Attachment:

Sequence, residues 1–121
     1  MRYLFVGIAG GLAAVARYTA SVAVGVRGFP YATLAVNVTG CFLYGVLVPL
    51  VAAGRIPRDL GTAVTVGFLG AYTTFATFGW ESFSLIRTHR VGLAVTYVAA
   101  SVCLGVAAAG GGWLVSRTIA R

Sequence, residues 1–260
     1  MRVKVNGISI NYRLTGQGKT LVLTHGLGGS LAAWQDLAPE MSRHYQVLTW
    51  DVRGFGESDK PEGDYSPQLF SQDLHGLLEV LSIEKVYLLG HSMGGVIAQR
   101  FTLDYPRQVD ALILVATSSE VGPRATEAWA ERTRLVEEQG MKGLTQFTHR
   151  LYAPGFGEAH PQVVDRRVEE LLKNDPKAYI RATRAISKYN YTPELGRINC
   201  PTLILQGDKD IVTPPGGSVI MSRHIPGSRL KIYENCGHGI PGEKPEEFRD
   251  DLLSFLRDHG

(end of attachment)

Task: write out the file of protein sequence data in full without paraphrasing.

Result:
Sequence, residues 1–121
     1  MRYLFVGIAG GLAAVARYTA SVAVGVRGFP YATLAVNVTG CFLYGVLVPL
    51  VAAGRIPRDL GTAVTVGFLG AYTTFATFGW ESFSLIRTHR VGLAVTYVAA
   101  SVCLGVAAAG GGWLVSRTIA R

Sequence, residues 1–260
     1  MRVKVNGISI NYRLTGQGKT LVLTHGLGGS LAAWQDLAPE MSRHYQVLTW
    51  DVRGFGESDK PEGDYSPQLF SQDLHGLLEV LSIEKVYLLG HSMGGVIAQR
   101  FTLDYPRQVD ALILVATSSE VGPRATEAWA ERTRLVEEQG MKGLTQFTHR
   151  LYAPGFGEAH PQVVDRRVEE LLKNDPKAYI RATRAISKYN YTPELGRINC
   201  PTLILQGDKD IVTPPGGSVI MSRHIPGSRL KIYENCGHGI PGEKPEEFRD
   251  DLLSFLRDHG